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The Mining of Minerals and the Limits to
Growth
Simon P. Michaux
Geological Su rvey o f Fin land
The Mining of Minerals and the Limits to Growth
1.3.2021
Geo lo gian tutki muskes kus | Geol og iska fo rsk nin gscen tralen | Geo logic al Surv ey of F inl and
GEOLOGICAL SURVEY OF FINLAND DOCUMENTATION PAGE
Date 01/03/2021
Authors
Simon P. Michaux
Ty pe of repor t
Open File Work Report
Commission by
GTK
Title of r eport
The Mining of Minerals and the Limits to Growth
Abstract
Current industrialization has a foundation in the continuous supply of natural resources. The methods
and proces s es as s ociated with this foundation have significant momentum. This paradigm will not be
undone easily. Human nature and human his tory make it s o. Currently, our industrial systems are
absolutely dependent on non-renewable natural res ources for energy sources.
For the last 15 years , it has been apparent that the indus trial bus iness environment has been more
challenging and volatile. This report will present the thesis tha t this pers ist ent volat ility is t he for erunner
temporal markers that show the indus trial ecosystem is in the process of radically changing.
Current thinking is that European indus trial bus inesses, will replace a complex industrial ecosystem that
took more t han a century t o build. This sys tem was built with t he support of t he highe st c alorific ally dense
sour ce of energ y the world has ever know n (oil), in chea p abundant quantit ies, with eas ily ava ilable credit,
and unlimited mineral resources. This task is hoped to be done at a time when there is comparatively
unprecedented number of human populations, embedded in a deteriorating environment.
It is appar ent that the goal of indust rial sc ale t rans ition away fr om foss il fuels into non-fossil fuel systems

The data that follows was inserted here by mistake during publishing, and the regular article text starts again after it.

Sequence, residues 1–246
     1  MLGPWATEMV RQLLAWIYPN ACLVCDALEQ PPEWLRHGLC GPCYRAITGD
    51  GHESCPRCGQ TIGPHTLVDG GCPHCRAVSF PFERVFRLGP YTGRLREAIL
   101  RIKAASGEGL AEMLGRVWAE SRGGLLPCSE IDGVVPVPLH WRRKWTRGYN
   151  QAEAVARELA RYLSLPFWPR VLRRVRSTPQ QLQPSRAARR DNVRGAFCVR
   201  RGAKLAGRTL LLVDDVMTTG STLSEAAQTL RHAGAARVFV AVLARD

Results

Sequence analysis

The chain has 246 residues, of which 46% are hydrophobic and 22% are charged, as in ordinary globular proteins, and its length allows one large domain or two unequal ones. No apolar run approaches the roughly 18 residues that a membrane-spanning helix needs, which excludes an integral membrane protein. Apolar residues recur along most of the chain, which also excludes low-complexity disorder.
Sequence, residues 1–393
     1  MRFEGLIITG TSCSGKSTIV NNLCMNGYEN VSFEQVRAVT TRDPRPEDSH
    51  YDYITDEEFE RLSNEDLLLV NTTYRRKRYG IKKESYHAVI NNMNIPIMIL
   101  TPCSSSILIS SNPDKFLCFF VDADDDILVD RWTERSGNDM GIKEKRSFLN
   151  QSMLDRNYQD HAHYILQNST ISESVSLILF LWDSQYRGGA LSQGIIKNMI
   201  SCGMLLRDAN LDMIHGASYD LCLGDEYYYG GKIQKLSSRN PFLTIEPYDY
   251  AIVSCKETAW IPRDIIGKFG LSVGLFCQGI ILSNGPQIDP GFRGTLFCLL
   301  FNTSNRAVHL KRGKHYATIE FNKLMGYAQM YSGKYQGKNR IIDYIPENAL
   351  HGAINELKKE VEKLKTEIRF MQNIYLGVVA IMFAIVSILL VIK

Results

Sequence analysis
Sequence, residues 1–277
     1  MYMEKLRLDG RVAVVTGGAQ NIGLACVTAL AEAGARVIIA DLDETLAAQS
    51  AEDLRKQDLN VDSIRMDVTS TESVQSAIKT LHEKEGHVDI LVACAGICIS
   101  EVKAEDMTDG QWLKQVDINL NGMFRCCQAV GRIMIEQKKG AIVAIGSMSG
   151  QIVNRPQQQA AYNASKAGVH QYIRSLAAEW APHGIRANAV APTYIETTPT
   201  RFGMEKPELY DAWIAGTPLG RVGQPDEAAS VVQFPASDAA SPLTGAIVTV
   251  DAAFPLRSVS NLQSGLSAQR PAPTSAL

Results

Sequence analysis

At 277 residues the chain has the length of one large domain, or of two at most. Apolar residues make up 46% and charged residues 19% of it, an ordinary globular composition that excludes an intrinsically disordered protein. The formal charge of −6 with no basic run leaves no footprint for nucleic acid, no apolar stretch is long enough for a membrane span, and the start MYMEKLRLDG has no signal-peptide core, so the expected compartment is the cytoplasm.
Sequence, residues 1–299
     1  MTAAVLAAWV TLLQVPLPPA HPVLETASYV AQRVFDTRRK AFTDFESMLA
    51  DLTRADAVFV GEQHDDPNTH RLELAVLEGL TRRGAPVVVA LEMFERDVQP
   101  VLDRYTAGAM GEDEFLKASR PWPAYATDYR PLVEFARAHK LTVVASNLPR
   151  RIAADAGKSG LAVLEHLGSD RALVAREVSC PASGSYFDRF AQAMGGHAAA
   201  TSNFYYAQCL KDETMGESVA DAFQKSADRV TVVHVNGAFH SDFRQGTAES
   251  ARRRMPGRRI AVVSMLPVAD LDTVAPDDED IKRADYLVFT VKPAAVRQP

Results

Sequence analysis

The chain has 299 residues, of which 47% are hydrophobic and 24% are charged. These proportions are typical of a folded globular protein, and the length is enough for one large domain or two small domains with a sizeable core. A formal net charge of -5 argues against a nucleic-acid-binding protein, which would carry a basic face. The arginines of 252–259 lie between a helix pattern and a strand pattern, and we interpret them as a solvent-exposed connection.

is a much larger task than current thinking allows for. To achieve this objective, among other things, an
unprecedented demand for minerals will be required. Most minerals required for the renewable energy
trans ition have not been mined in bulk quantities before. Many of the technology metals already have
primary res ource mining supply risks
At its foundation, the current industrial ecosystem was and still is based around the consumption of
natural resources, which were considered to be infinite. The very idea that there might be system based
limits to the g lobal extraction of resources is considered foolish by the current economic market. The
volume of manufa cture was influenc ed by the c ons umption dema nd of produc ts. Growt h and expans ion
wit h no cons idered limits of any kind w as t he underlying para digm.
The majority of infrastructure and technology units needed to phase out foss il fuels has yet to be
manufactured. Recycling cannot be done on products that have yet to be manufactured. In the current
sys tem, de mand for meta ls of a ll kinds have been increa sing, jus t as the gr ade of ore s proce ssed has been
decr eas ing.
Global reserves are not large enough to supply enough metals to build the renewable non-fossil fuels
industr ial syst em or s atis fy long ter m demand in the current syst em. Miner al depos it dis covery has be en
declining for many metals. The grade of processed ore for many of the industrial metals has been
decreasing over time, resulting in declining mineral processing yield. This has the implication of the
increa se in mining energ y consumption per unit of me tal.
Mining of minerals is intimately dependent on fossil fuel based energy supply. Like all other industrial
activities, without energy, mining does not happen. A case can be made that the window of viability for